Gavin also raised the disparity between how the NIC system treats old and young workers. He questioned why people over retirement age who are still in work should not pay NICs. Finally, on council tax reform he favours a proportionate property tax but admits that this is unlikely to happen, so he would settle for a re-valuation approach.

Patrick Stevens, Tax Policy Director at the CIOT, pointed out that politicians tend to suffer from what he calls the ‘Cornish pasty syndrome’. They will say ‘we can’t do that’ whenever suggestions are made to reform the tax system. This is unhelpful. In his opinion, we need an open and informed debate about the logic of the current tax system.

To illustrate this, Patrick took us through the different tax rates (and for this purpose he treated NIC as just another tax) that apply depending upon whether a person is an employed earner, self-employed or operating through a personal service company. He questioned whether the differences in rates are intentional or not. Similarly, he showed us the lower rates that apply to unearned income, including rental income, and the tax reliefs provided to investors in rental property. He asked whether it is really the Government’s intention to encourage investment in rental property or not.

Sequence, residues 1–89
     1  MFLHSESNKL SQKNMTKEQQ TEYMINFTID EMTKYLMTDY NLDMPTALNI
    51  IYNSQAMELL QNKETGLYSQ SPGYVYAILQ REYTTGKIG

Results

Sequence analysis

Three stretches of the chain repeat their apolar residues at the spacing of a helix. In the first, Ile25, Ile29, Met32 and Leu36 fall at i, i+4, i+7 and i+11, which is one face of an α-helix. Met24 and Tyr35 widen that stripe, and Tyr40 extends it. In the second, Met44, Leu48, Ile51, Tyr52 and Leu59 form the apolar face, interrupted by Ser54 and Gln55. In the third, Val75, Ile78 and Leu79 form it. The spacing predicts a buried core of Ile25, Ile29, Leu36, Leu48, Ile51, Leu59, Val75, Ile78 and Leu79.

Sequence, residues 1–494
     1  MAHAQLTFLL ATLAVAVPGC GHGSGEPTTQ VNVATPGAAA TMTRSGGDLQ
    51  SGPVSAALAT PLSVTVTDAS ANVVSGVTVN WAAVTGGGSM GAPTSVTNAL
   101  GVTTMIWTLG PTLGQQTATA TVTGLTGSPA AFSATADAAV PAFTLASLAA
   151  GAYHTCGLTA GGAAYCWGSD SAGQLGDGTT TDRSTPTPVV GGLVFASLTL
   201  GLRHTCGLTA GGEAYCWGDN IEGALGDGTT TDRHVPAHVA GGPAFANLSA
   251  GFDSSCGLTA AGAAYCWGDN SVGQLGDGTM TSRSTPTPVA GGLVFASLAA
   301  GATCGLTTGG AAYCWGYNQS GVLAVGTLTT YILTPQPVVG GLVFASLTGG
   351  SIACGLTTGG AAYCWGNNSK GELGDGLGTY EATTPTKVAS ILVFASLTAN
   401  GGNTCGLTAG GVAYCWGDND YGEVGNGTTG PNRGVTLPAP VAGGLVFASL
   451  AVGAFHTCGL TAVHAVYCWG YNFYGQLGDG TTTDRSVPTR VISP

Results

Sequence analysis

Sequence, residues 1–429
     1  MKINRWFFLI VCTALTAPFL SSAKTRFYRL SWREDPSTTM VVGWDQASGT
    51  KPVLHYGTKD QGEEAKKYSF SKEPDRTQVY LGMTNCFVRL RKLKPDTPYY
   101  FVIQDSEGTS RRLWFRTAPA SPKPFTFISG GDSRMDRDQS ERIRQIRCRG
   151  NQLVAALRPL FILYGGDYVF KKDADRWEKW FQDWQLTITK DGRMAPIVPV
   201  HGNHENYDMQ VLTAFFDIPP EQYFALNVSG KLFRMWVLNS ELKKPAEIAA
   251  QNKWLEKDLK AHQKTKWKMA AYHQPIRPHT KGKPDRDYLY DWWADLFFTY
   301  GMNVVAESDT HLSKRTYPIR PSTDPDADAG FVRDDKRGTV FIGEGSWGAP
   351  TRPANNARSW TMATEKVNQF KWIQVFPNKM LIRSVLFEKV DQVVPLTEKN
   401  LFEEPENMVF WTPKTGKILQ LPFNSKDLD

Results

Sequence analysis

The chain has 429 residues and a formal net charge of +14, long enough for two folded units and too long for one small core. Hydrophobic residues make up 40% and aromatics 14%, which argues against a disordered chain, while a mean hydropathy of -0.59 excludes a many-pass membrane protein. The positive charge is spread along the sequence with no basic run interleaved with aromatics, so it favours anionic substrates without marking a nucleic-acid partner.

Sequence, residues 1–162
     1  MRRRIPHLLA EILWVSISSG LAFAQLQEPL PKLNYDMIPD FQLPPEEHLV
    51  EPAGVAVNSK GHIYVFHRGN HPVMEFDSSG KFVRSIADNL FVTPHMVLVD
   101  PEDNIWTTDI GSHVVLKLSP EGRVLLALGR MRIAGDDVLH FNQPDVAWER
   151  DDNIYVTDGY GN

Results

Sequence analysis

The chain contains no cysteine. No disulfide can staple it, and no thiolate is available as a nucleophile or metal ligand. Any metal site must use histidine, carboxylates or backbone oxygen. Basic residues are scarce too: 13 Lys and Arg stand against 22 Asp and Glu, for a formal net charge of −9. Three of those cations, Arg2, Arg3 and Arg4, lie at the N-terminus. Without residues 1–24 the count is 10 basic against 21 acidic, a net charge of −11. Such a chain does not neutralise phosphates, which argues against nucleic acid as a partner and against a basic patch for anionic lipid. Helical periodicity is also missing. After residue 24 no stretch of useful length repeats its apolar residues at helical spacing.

Emma Chamberlain, a barrister at Pump Court Tax Chambers who specialises in advising non-domiciliaries (‘non-doms’) spoke about reforming the way the UK tax system treats non-doms. She thinks the current regime is not good value for money, and that many non-doms would pay more UK tax for greater simplicity. The remittance basis charge (RBC) is very complicated and often not understood, particular in how it interacts with IHT and trusts. She proposed three options for reforming the way non-doms are taxed. Firstly, abolish intention as a basis for taxation, and move to a residence basis. This would involve a reform of IHT and possibly transitional provisions. Secondly, modify what we have now by increasing the RBC significantly which she believes would raise a lot of money as most non-doms would pay the higher charge. And thirdly, keep the current domicile regime but deem UK domicile after a period of time.